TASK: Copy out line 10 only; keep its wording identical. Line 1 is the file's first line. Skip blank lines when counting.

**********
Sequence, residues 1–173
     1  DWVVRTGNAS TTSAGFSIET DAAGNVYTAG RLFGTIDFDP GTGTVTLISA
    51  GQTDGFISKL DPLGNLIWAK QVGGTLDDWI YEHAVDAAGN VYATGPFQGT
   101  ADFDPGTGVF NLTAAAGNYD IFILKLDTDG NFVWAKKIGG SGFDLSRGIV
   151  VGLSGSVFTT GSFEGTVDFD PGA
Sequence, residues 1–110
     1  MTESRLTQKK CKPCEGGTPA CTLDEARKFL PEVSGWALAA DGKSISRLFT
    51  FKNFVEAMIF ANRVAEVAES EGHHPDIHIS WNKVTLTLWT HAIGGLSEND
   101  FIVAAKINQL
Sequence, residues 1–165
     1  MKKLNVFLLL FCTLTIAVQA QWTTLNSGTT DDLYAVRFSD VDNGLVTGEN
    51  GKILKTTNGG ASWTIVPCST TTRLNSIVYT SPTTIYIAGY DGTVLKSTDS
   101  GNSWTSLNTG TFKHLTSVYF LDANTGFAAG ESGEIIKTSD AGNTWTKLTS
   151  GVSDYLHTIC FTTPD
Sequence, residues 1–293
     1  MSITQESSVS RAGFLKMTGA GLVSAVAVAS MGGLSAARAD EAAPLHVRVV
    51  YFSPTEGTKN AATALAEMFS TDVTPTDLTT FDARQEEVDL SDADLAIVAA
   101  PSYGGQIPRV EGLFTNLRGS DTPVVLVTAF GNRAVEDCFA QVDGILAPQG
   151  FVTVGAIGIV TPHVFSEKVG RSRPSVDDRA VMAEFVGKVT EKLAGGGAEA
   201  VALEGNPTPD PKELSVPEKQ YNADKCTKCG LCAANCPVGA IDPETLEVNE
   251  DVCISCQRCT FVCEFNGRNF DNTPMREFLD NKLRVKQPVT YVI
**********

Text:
Sequence, residues 1–165